Strip away all of Transistor’s cool neon-noir sci-fi trappings and the game’s a love story between a woman and a sword. There’s more to it than that, but it’s telling that the majority of the story is told through combat: The only way to decrypt the backstory is to use each of the 16 attack “functions” in their active, passive, and upgradable forms. Even the main plot is mainly guided by the rhythm of battle, beginning with Red pulling the giant Transistor sword out of a corpse (“We’re not going to get away with this,” the sword mechanically, melancholically announces) and unfolding in exceedingly linear fashion, as the Transistor guides you from objective to objective. The game can be completed without understanding a lick of the Matrix-y plot, in which the shadowy Camerata cull Cloudbank’s most influential population for their own idealized society, but until you master the basic mechanics, you won’t even learn that much.
Fortunately, Transistor is forgivingly designed in favor of experimentation. If the evasive powers of Jaunt() aren’t doing it for you, you might swap in the temporary invisibility of Mask(); as an alternative, you might equip Mask(Jaunt()), which not only allows you to hide, but also speeds up the recovery of your Turn() meter, a special function that allows you to freeze time and plan out your next moves, juggling together the most brutally efficient chain possible. In this mode, the game feels a bit like a cross between Parasite Eve and The World Ends with You, though there are far more combinations here—literally thousands, to the extent that some battles almost play out like puzzles. Get() will pull enemies closer, allowing you to debuff, damage, and stun the whole lot with Void(Flood(Crash)), with a power move like Cull() as the coup de grâce.
Of course, the first six-hour run through Transistor is a far less flashy affair. You begin with a limited number of MEM (memory) slots in which to install these functions, let alone sockets in which to upgrade them, and although the game occasionally allows you to choose the order in which you learn new abilities, it’s not until the second playthrough (Recursion mode) that the battle system shows its full potential. Enemies also evolve at this point—for instance, the Snapshot 3.0 will obscure your vision in Turn(), while the Cheerleader will begin to shield itself too. This all further demonstrates how combat outshines the story: Short of the occasional bit of new flavor text (and your increasing understanding of the plot), the only reason to replay is for the sheer mayhem of procedurally generated waves of enemies and a nearly limitless arsenal with which to counter them.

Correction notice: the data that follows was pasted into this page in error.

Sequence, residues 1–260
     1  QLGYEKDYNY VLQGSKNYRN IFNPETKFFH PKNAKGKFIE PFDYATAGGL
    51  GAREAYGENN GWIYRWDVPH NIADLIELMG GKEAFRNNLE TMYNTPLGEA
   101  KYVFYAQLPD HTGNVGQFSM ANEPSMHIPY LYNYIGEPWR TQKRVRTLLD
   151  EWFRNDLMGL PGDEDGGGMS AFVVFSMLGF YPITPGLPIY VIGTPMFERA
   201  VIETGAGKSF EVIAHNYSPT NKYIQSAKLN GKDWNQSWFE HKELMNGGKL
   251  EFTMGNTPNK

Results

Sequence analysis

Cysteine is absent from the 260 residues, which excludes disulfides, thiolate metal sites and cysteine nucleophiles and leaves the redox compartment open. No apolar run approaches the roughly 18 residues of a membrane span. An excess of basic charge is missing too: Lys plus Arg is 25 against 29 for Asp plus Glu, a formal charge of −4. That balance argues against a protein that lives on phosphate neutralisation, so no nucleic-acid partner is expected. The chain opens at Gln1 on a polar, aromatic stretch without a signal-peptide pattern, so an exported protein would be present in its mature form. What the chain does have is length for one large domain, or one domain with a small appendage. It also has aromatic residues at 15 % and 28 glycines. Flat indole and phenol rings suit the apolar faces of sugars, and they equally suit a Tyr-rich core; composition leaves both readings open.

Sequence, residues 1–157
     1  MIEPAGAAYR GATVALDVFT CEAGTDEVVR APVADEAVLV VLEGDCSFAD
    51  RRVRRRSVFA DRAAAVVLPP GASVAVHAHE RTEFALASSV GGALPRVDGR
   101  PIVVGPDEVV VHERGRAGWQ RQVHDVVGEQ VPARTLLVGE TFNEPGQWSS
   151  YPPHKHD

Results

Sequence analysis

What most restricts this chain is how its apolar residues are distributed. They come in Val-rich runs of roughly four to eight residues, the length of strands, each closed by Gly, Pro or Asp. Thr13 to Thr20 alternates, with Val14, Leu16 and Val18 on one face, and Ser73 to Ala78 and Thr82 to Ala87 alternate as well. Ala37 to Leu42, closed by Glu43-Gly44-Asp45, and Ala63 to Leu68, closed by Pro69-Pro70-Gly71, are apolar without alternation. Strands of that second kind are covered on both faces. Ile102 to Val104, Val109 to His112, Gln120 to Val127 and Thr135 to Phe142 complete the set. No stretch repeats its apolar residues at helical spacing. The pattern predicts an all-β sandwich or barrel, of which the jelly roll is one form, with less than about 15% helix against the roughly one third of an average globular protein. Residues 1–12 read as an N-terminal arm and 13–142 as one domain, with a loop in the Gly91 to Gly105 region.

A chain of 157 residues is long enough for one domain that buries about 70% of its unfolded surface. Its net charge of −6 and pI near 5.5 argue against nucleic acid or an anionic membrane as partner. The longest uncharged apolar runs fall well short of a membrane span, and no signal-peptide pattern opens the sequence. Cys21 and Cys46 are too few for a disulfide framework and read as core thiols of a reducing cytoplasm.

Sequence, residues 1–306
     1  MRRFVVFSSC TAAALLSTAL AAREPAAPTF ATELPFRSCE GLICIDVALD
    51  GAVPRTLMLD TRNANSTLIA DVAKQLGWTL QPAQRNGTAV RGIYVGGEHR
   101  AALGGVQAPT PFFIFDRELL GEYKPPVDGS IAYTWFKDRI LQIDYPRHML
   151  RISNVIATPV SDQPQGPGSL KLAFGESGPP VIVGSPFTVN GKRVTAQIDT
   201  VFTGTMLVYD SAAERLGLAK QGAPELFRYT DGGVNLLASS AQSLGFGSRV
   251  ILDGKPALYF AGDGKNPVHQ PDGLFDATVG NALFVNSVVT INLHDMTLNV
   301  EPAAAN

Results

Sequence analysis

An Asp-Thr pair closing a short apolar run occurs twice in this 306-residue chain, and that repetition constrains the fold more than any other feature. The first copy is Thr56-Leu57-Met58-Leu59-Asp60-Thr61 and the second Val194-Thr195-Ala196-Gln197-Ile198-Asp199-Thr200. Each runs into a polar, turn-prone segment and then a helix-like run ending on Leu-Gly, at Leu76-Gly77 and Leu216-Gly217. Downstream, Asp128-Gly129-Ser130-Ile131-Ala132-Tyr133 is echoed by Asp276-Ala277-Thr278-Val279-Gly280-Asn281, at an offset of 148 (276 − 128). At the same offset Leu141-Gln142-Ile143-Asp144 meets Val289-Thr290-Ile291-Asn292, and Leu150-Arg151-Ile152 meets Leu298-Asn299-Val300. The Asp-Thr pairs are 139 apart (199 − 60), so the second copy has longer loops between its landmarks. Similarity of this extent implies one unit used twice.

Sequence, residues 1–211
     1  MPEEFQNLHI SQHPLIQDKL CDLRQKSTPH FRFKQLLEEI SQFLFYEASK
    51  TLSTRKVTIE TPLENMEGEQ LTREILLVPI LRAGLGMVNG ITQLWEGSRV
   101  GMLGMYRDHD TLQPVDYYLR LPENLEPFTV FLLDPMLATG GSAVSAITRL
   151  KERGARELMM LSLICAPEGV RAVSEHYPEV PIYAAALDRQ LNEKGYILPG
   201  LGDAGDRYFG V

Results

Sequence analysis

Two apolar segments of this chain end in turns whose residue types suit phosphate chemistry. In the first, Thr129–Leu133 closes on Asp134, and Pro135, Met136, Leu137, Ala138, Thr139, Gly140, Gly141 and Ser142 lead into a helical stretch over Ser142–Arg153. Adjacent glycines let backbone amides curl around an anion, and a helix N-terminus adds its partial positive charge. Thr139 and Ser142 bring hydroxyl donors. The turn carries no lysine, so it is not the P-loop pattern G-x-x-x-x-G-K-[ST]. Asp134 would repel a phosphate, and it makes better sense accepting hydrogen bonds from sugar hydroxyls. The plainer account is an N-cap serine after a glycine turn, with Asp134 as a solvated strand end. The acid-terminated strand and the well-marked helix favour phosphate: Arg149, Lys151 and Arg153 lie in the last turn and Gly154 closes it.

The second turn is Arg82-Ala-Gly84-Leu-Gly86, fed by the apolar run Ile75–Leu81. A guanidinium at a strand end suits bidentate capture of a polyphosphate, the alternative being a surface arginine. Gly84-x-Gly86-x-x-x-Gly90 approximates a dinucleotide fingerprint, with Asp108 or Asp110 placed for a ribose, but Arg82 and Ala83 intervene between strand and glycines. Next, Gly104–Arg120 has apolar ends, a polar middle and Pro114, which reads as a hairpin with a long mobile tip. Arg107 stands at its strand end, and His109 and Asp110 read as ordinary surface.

Transistor also packs a few other great design choices. As in Bastion, you’ll gain the option of increasing the difficulty in exchange for more experience, and the soundtrack and narration is surprisingly on par with the previously high bar set by Supergiant Games. The whole package is so neatly put together that the more you play, the less it actually matters what it’s all about; the challenge is compelling enough. And if that’s not enough, there are also a series of optional tests that examine how well you can dodge, how quickly you can destroy, and how efficiently you can use the Turn() system. I said initially that Transistor was a love story between a woman and her sword; in truth, it may be a love story between the user and his or her console.